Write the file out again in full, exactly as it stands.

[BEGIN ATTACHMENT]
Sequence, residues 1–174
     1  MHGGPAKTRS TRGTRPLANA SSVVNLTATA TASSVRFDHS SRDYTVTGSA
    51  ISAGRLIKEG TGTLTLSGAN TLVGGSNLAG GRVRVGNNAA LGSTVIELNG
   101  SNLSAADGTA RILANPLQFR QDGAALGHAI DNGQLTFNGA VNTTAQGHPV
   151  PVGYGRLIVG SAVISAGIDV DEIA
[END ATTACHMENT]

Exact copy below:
Sequence, residues 1–174
     1  MHGGPAKTRS TRGTRPLANA SSVVNLTATA TASSVRFDHS SRDYTVTGSA
    51  ISAGRLIKEG TGTLTLSGAN TLVGGSNLAG GRVRVGNNAA LGSTVIELNG
   101  SNLSAADGTA RILANPLQFR QDGAALGHAI DNGQLTFNGA VNTTAQGHPV
   151  PVGYGRLIVG SAVISAGIDV DEIA